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Why I only sell Medicare Supplements and not Medicare Advantage
Medicare Advantage plans, also referred to as Medicare Part C, may sound enticing. As one plan, it combines Medicare Parts A and B benefits and may cover prescription (Part D) and other benefits. Many offer $0 premiums, but the devil is in the details. You will find that most have unexpected out-of-pocket expenses when you get sick, and most importantly you have to choose from their list of contracted doctors and hospitals. Compare that to a Medicare Supplement where you can go to any provider that accepts Medicare.
The Devil Is in the Details
Wendell Potter author of "Deadly Spin" explains how many Medicare Advantage enrollees don’t find out about the limitations of their Medicare Advantage plans until they get sick:
“Although Mom saw her MA premiums increase significantly over the years, she didn’t have any real motivation to disenroll until after she broke her hip and required skilled care in a nursing facility. After a few days, the nursing home administrator told her that if she stayed there, she would have to pay for everything out of her own pocket. Why? Because a utilization review nurse at her MA plan, who had never seen or examined her, decided that the care she was receiving was no longer ‘medically necessary.’ Because there are no commonly used criteria as to what constitutes medical necessity, insurers have wide discretion in determining what they will pay for and when they will stop paying for services like skilled nursing care by decreeing it ‘custodial.’”
With Medicare Advantage (MA), the Insurance Carrier "manages" your health care. With Medicare Supplements, Medicare is Primary and your Supplement is secondary. In my opinion, I would rather have the standardized requirements of Medicare decide my healthcare procedures versus an Insurance Company making those choices. Yes, with most plans MA plans you have little or no Office Visit copays. However, to give you an example of the types of co-pays and coinsurance you may run into; here are some details of in-network services from a popular Humana Medicare Advantage Plan in California, Gold Plus H5619-023 (HMO):
- Hospital stay - $330 per day for the first five days, every admittance
- Outpatient Hosptial Surgery - $250 copay, each surgery
- Diabetes supplies - up to 20% co-pay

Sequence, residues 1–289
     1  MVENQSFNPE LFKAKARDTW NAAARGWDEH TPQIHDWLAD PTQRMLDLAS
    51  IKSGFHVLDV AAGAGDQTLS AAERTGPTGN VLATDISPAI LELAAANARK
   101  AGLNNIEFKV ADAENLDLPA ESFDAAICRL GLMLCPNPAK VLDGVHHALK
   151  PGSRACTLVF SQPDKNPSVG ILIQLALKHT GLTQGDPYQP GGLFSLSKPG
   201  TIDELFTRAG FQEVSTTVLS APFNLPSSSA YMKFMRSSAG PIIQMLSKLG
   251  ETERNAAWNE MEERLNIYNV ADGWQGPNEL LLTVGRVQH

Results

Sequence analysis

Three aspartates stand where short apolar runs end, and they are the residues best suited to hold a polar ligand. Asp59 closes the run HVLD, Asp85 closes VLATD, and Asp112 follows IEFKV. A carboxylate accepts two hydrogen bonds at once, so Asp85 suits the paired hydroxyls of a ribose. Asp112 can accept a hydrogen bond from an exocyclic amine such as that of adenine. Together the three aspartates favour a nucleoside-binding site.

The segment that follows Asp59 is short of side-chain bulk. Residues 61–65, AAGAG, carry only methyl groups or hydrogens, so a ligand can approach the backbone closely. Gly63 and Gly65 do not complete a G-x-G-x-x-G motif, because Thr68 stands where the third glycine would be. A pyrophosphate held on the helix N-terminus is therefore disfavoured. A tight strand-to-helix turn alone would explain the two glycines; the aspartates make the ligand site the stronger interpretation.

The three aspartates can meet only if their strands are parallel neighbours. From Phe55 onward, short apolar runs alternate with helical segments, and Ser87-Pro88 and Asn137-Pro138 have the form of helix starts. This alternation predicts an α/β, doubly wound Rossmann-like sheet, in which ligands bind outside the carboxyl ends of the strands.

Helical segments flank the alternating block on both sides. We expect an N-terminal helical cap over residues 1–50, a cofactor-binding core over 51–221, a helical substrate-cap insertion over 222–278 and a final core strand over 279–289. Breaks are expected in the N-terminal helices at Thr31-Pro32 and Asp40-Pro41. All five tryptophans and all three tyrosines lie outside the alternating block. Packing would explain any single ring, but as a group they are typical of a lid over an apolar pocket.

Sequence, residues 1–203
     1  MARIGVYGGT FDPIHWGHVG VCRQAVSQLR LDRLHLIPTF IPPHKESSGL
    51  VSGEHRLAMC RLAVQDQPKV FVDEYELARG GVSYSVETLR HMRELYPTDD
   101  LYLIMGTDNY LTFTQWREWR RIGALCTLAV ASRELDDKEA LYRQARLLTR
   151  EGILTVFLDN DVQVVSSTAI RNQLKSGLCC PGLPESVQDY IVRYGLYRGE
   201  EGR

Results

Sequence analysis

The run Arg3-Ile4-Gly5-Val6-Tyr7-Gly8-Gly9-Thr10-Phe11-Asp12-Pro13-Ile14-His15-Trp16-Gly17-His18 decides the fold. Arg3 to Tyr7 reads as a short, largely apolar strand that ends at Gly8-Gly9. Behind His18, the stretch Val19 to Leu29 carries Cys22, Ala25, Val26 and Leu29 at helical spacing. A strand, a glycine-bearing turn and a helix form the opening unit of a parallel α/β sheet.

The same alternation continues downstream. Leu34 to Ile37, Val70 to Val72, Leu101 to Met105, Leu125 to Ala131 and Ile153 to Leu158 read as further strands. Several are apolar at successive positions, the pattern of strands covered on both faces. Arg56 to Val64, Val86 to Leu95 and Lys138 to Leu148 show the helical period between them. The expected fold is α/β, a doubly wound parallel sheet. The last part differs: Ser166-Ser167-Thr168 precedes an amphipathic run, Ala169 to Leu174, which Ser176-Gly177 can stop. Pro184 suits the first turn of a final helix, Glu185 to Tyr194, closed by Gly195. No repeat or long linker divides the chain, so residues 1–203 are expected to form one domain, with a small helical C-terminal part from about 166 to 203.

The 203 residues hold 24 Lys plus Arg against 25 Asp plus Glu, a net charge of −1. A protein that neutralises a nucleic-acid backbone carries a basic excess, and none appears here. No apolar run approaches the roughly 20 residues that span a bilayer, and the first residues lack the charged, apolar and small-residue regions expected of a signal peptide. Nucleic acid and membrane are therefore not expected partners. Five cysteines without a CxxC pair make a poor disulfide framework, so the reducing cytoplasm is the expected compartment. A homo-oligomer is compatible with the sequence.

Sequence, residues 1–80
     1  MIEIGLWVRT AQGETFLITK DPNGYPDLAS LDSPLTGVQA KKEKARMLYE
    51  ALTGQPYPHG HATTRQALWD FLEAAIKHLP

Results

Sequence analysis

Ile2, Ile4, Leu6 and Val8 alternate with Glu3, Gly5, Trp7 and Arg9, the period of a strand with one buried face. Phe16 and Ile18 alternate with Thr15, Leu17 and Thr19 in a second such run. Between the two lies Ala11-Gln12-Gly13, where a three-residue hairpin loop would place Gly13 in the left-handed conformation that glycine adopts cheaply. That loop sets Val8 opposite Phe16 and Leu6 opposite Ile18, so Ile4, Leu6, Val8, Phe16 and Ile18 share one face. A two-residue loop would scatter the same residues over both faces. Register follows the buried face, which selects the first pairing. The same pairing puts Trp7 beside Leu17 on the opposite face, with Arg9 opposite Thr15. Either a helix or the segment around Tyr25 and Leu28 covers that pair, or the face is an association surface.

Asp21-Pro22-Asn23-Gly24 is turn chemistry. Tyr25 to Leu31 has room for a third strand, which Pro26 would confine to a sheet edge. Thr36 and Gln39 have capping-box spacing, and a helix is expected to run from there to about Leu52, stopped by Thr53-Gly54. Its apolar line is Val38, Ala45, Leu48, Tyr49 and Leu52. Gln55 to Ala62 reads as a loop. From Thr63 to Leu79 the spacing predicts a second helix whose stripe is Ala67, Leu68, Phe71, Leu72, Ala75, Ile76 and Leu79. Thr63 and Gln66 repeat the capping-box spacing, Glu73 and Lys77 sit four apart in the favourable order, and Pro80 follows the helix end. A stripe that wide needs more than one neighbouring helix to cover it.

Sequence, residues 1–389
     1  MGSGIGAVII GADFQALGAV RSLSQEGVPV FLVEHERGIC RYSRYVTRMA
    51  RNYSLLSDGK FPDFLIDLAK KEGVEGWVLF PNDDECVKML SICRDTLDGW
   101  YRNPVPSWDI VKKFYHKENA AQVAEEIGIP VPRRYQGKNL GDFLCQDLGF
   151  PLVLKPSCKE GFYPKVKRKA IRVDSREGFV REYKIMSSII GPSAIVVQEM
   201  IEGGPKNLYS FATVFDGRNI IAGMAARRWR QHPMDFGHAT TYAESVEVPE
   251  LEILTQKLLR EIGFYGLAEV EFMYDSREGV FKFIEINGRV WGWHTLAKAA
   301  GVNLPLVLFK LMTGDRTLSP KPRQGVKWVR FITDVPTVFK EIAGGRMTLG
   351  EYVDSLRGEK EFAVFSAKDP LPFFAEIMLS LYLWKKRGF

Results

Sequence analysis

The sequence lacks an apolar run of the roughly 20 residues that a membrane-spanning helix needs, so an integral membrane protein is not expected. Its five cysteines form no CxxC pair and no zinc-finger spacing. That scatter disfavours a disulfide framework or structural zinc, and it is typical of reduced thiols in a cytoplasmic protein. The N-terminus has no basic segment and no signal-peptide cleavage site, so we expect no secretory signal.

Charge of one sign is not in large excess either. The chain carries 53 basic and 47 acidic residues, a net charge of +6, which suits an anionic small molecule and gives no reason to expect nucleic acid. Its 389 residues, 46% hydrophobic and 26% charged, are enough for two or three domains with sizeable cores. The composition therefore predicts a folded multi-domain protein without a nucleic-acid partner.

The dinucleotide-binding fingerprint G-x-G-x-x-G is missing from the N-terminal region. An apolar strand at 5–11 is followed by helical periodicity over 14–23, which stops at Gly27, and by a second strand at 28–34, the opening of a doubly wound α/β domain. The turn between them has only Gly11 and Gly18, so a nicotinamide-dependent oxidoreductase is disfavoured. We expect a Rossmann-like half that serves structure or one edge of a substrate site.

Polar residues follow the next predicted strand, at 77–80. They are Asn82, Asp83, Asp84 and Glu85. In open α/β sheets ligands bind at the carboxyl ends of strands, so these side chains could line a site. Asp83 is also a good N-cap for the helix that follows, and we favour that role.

- Diagnostic radiology - up to $250 co-pay
- Outpatient x-rays - up to $100 co-pay per visit
- Radiation Therapy - up to 20% co-pay depending on the service (this includes Chemotherapy)
- Renal dialysis - 20% co-pay
- Medical Equipment/Supplies - 20% coinsurance
- Mental Health Inpatient - $900 per admittance
- Ambulance - $265 copay per use
- Air Ambulance - 20% coinsurance (that is 20% of the actual cost!)
- Emergency Room - $90 copay, every visit
- Annual Out-of-Pocket Maximum - $5900
As this non-exhaustive list of co-pays demonstrates, out-of-pocket costs will quickly build up over the year if you get sick. The Medicare Advantage plan may offer a $0 premium, but the out-of-pocket surprises may not be worth those initial savings, the possibilty exsists that you could hit the $5900 Annual Out-of-Pocket maximum. “The best candidate for Medicare Advantage is someone who's healthy," says Mary Ashkar, senior attorney for the Center for Medicare Advocacy. "We see trouble when someone gets sick." After 35 years in this business I have seen a lot of clients go from healthy to unhealthy very quickly and unexpectedly.
The most comprehensive coverage, which will likely result in the fewest unexpected out-of-pocket expenses, is a traditional Medicare plan paired with a Medigap aka: Medicare Supplement policy. Medigap policies vary, and the most comprehensive coverage is offered through Medigap Type F. With Medigap Type F, all co-pays and deductibles are covered, and you even get some coverage when you travel outside the country. With this combination, you can go to any doctor who accepts Medicare. Note: With traditional Medicare and Medigap, I recommend you purchase a stand-alone Part D prescription drug plan. I can advise you how to secure that coverage. Premiums start at around $13/month and go up from there.
What is the primary downside of Medicare Supplements? You have to pay a premium. Supplements are not for everyone.